The Sistine Chapel Goes Full Cirque Du Soleil
Music by Sting. Smoke effects. Male acrobats. If artainment (marriage of art and entertainment) makes you cringe, you aren’t alone. But a new Vatican show might change your mind.
ROME—You may not recognize the name Marco Balich, but you are sure to have seen his spectacular light work at Olympic ceremonies and stadium events across the world. His speciality is marrying lights, music and live performances at events meant to entertain. Now, he’s bringing his style to one of the most serious and storied institutions around: the Vatican.
Balich, flanked by the Vatican museum director Barbara Jatta and the collared director of Vatican Communications Monsignor Dario Edoardo Vigano, laid out his €9 million ($10.5 million) Vatican “artainment” project called Universal Judgement: Michelangelo and the Secrets of the Sistine Chapel at a prosecco-laden reception inside the Vatican Museum Raphael Rooms on Friday night. The show opens in March 2018. Balich, whose new company Artainment which was created for this event, is holding auditions in Rome for dancers and main male protagonists who will perform at the show, which will not be permanent, but does not have a published end date.
Jatta, the first woman to ever head the Vatican Museums, said the initiative is meant to capture the attention of the younger “screen generation” who don’t distinguish between being on or off line. She says they don’t often appreciate things that aren’t displayed through technology, and while nothing compares to an actual visit to the Sistine Chapel, the Balich show will certainly come close. “This is geared toward the online generation to bridge the tech gap,” she said, admitting that the Vatican Museums no longer appeal to audiences as they once did.
Indeed, a visit to the Sistine Chapel is a solemn affair with minders shushing the crowds and photos prohibited. It is impossible to see detail of Michelangelo’s greatest works without binoculars. The Vatican Museums do offer intimate small group and after hours tours of the Sistine Chapel after the museums close, but the tickets are expensive and the atmosphere is solemn.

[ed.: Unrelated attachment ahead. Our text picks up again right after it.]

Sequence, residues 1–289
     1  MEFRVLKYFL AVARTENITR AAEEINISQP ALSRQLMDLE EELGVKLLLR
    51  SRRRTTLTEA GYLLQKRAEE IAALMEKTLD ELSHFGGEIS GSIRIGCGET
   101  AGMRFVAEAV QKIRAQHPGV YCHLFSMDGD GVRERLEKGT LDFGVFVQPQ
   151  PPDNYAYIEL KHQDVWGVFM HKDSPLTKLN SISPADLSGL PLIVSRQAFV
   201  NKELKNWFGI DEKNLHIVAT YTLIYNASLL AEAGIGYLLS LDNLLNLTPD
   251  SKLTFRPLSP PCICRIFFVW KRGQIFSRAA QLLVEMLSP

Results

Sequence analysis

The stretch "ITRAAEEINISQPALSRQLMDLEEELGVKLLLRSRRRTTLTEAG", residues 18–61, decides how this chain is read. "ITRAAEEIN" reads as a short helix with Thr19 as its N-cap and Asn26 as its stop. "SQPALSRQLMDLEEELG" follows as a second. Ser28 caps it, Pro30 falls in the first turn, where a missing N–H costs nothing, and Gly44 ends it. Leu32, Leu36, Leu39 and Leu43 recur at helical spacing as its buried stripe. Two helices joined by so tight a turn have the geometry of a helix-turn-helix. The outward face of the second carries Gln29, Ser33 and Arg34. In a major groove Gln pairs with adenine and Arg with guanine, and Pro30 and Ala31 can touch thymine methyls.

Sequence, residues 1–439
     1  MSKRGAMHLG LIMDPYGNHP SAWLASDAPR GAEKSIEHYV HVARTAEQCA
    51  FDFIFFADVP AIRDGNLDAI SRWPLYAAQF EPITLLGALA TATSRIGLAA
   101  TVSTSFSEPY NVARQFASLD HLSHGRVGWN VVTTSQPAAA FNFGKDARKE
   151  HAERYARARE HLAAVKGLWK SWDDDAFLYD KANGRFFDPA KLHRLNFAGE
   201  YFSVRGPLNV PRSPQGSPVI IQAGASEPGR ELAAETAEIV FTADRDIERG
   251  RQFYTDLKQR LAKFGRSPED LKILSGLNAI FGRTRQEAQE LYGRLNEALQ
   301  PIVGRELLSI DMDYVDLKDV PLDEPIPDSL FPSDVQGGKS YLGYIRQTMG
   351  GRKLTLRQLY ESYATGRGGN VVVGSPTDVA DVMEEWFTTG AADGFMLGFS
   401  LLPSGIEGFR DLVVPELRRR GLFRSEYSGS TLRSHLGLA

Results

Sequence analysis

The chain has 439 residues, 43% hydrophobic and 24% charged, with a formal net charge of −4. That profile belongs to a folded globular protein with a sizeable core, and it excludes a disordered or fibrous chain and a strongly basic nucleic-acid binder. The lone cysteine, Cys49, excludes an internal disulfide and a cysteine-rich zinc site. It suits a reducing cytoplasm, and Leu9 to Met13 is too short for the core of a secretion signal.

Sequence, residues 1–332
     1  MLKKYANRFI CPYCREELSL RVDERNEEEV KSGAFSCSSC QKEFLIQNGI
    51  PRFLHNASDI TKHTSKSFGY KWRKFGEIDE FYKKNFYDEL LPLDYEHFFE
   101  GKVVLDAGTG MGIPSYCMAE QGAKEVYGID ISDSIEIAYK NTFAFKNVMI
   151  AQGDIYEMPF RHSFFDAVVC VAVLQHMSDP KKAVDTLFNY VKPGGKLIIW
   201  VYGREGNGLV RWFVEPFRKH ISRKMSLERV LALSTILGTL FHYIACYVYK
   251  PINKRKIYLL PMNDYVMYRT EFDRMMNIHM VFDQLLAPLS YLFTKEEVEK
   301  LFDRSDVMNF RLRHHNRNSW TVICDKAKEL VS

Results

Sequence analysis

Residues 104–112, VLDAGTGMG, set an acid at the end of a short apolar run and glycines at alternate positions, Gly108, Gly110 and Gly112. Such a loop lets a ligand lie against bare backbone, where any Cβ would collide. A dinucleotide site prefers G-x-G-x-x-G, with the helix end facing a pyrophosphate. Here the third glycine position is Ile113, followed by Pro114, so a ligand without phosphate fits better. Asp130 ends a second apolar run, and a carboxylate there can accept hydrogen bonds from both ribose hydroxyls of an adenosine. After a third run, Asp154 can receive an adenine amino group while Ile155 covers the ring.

The new show, which will last about an hour, will be polar opposite, essentially immersing the audience into the chapel with close up views and loud music. Balich says the experience “will cost around the same as a movie ticket,” and “will bring the Sistine Chapel to life” with 4K flyover imagery, live performances similar to Cirque du Soleil classy acrobatics and full immersion music that was composed specifically for this project by Sting. Sistine Chapel masterpieces have been replicated through laser technology, and the recreated details indistinguishable with the naked eye will be revealed up close.
He says the show will “unveil the secrets of the Sistine Chapel” by recreating everything from the whispers and creation of black and white smoke of papal conclaves to the painting of Michelangelo’s Last Judgement. He says the “creation of life” scene on the Sistine Chapel ceiling, the one where the image of God nearly touches Adam’s finger, will be “brought to life” and visitors will see computer generated images of the Sistine Chapel as it was being built and while it was being painted.
The show will be presented at the repurposed Conciliazione Auditorium on the street leading up to St. Peter’s square. The 1,500 seat auditorium is being fitted with a special arched projection screen the same size as the actual Sistine Chapel that will give attendees a 270 degree perspective. The Vatican will not make money from the tickets, but Balich joked they “paid dearly” for the photo and video rights and the Vatican will profit from “contained” royalties from the performance.
The show is the latest in a series of moves that might easily be compared to the “Disney-fication” of the Vatican museums. It is already possible, though extremely expensive, to rent out the Sistine Chapel for events, like Porsche did recently for a $10,000 a person dinner. Those proceeds go to the pope’s projects for the homeless like building showers in St. Peter’s square.
The show promises to unveil the secrets of the Sistine Chapel, which was built in 1473 and receives around 6 million visitors each year. There is no word yet whether Pope Francis, who doesn’t watch TV or use a computer, will see the high tech show, but it does have his blessing. “The pope has been kept informed of this from the beginning,” says Vigano. “He supports anything that brings people close to the church.” Even if that means artainment.